Preventive Conservation - From Climate and Damage Monitoring to a Systemic and Integrated Approach
Proceedings of the International WTA - PRECOM3OS Symposium, April 3-5, 2019, Leuven, Belgium
The concept of preventive conservation has successfully introduced the knowledge that "prevention is better than cure" into the built heritage sector. The benefits of this approach are the cost-effectiveness, the improved protection of heritage values, the reduced risk for accumulating deterioration and additional damage, the prolongation of the physical service life of buildings and building parts and the empowerment of local communities in dealing with heritage. Increasingly, arguments rise against reactive treatment patterns, which result too often in postponed interventions and increasing costs for restoration.
WTA-Nederland-Vlaanderen, the Raymond Lemaire International Centre for Conservation and the Civil Engineering Department of KU Leuven jointly organised an international conference on preventive conservation approaches - including climate and damage monitoring - and how to implement these monitoring tools within a systemic approach. The conference took place in context of the international WTA days, 3-5 April 2019, and the 10th anniversary of the UNESCO Chair on Preventive Conservation, Monitoring and Maintenance of Monuments and Sites (PRECOM³OS).
The contributions meet the increasing demand for information, case studies and practical examples to support the transition towards more preventive rather than reactive conservation actions. The volume aims at academics and professionals involved or interested in the conservation of buildings, building parts and heritage.
Table of Contents
Preventive conservation - from climate and damage monitoring to a systemic approach, A. Vandesande & E. Verstrynge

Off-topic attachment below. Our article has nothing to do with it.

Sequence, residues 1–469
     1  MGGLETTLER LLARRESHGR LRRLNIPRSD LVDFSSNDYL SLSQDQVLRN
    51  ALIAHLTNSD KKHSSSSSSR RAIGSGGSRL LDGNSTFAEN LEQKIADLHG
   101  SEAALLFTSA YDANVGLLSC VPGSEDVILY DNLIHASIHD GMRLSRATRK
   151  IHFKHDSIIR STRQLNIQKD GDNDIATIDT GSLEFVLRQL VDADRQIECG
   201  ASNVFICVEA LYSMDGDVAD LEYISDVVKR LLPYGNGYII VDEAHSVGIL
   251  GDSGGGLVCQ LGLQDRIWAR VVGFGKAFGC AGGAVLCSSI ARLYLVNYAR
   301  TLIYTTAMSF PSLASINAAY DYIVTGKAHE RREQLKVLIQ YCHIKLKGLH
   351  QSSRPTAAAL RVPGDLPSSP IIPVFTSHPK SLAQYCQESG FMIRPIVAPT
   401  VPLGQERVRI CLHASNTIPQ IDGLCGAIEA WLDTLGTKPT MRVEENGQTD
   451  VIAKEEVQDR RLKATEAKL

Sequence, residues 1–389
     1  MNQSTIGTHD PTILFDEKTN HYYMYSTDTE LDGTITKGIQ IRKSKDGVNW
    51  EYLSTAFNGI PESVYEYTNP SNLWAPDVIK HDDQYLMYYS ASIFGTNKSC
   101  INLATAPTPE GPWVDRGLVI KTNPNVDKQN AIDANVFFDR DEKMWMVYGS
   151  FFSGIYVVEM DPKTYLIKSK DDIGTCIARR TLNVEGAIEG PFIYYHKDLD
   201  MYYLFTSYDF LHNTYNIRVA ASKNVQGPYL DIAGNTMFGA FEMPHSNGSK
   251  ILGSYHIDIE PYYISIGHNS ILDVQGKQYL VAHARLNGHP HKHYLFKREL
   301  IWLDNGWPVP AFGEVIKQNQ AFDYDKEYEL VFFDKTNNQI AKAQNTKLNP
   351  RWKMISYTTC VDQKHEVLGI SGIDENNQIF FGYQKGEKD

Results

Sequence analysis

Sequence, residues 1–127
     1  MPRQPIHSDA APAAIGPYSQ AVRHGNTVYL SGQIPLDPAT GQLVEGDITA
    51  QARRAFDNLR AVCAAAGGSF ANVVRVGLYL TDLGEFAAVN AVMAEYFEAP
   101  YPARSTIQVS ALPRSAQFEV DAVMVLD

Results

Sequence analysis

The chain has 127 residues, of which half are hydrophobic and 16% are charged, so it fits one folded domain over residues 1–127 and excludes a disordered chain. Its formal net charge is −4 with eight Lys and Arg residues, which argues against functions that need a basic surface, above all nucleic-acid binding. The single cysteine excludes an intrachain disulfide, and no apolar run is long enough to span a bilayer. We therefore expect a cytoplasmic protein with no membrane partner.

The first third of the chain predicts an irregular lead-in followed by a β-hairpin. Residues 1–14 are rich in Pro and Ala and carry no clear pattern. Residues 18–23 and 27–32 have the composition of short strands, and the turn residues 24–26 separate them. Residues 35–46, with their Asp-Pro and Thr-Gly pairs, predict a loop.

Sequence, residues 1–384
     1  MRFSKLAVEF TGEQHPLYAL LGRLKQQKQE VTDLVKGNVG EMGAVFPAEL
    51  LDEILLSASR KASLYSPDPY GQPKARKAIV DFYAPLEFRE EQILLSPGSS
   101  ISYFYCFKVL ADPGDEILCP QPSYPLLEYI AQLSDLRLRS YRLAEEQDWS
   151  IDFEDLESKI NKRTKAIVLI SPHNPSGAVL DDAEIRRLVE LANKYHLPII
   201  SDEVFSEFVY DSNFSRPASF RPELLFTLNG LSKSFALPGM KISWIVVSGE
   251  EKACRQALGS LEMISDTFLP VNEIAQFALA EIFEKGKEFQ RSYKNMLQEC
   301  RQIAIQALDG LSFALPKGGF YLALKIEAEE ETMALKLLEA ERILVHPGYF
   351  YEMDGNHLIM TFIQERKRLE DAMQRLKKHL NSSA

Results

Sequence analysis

From knowledge background to practical applications
A coevolutionary approach as the theoretical foundation of planned conservation of built cultural heritage, S. Della Torre
Innovation and diversification of brick, Susudel – Ecuador, G. Barsallo, T. Rodas, V. Caldas, F. Cardoso, C. Peñaherrera & P. Tenesaca
Monitoring of China’s built heritage since 1950s: Historical overview and reassessment of preventive conservation, W. Meiping, H. Shi & L. Xinjian
A brief review on preventive conservation and its application in China’s conservation background,Q. Rong, B. Liu & J. Zhang
Preventive and Planned Conservation: potentialities and criticalities, strategy and tools, lessons learned, R. Moioli
Monumentenwacht model and new initiatives
Preventive conservation model applied in Slovakia to monitor built heritage damage, P. Ižvolt
The Traditional Buildings Health Check: A new approach to the built heritage in Scotland, S. Linskaill
Quality of restoration of monuments: The role of Monumentenwacht,S. Naldini, G. van de Varst, S. de Koning & E. van de Grijp
Preventive and planned conservation for built heritage. Applied research in the University of Porto,T.C. Ferreira
Preventive monitoring and study of insect damage of carpenter bees to timber components of chinese historic buildings, Y. Gao, Y. Chen, D. Xu, E. Li, J. Li, Z. Ge & Y. Zhou
Condition assessment and monitoring in Milan Cathedral: Putting risk assessment into practice, L. Cantini, F. Canali, A. Konsta & S. Della Torre
The role of the university in maintaining vernacular heritage buildings in the southern region of Ecuador, G. García, A. Tenze & C. Achig
Damage diagnosis and monitoring of case studies
MDCS - a system for damage identification and monitoring, R.P.J. van Hees & S. Naldini
Monitoring of water contents and temperatures of historical walls with interior insulation in Switzerland, C.Geyer, B. Wehle & A. Müller
Immediate measures to prevent further damage to the wall frescos of the “Ritterhaus Bubikon”, K. Ghazi Wakili, Th. Stahl, D. Tracht & A. Barthel
Energy retrofit of historic timber-frame buildings – hygrothermal monitoring of building fabric, C.J. Whitman, O. Prizeman, J. Gwilliam, P. Walker & A. Shea